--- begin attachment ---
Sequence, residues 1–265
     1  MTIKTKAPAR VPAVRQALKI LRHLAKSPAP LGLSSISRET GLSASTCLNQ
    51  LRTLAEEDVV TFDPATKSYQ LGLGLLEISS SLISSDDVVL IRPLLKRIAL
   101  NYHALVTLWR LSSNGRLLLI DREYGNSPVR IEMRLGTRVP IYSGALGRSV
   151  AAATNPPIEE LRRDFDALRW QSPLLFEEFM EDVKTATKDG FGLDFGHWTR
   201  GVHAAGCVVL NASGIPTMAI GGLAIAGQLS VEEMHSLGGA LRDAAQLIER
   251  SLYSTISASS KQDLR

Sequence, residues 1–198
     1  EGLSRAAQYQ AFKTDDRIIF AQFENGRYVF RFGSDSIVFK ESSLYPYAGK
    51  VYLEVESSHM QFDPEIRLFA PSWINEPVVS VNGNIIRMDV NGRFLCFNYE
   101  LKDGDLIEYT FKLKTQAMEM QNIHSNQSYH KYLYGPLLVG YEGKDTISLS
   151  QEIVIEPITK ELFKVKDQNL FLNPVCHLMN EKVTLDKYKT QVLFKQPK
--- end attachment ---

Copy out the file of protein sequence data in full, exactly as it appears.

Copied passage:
Sequence, residues 1–265
     1  MTIKTKAPAR VPAVRQALKI LRHLAKSPAP LGLSSISRET GLSASTCLNQ
    51  LRTLAEEDVV TFDPATKSYQ LGLGLLEISS SLISSDDVVL IRPLLKRIAL
   101  NYHALVTLWR LSSNGRLLLI DREYGNSPVR IEMRLGTRVP IYSGALGRSV
   151  AAATNPPIEE LRRDFDALRW QSPLLFEEFM EDVKTATKDG FGLDFGHWTR
   201  GVHAAGCVVL NASGIPTMAI GGLAIAGQLS VEEMHSLGGA LRDAAQLIER
   251  SLYSTISASS KQDLR

Sequence, residues 1–198
     1  EGLSRAAQYQ AFKTDDRIIF AQFENGRYVF RFGSDSIVFK ESSLYPYAGK
    51  VYLEVESSHM QFDPEIRLFA PSWINEPVVS VNGNIIRMDV NGRFLCFNYE
   101  LKDGDLIEYT FKLKTQAMEM QNIHSNQSYH KYLYGPLLVG YEGKDTISLS
   151  QEIVIEPITK ELFKVKDQNL FLNPVCHLMN EKVTLDKYKT QVLFKQPK